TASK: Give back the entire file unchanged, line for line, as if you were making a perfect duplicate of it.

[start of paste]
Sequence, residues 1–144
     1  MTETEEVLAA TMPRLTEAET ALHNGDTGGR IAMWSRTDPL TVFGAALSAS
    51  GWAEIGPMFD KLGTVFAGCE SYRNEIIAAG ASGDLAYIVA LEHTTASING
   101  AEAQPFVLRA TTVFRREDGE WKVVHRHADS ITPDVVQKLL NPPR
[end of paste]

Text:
Sequence, residues 1–144
     1  MTETEEVLAA TMPRLTEAET ALHNGDTGGR IAMWSRTDPL TVFGAALSAS
    51  GWAEIGPMFD KLGTVFAGCE SYRNEIIAAG ASGDLAYIVA LEHTTASING
   101  AEAQPFVLRA TTVFRREDGE WKVVHRHADS ITPDVVQKLL NPPR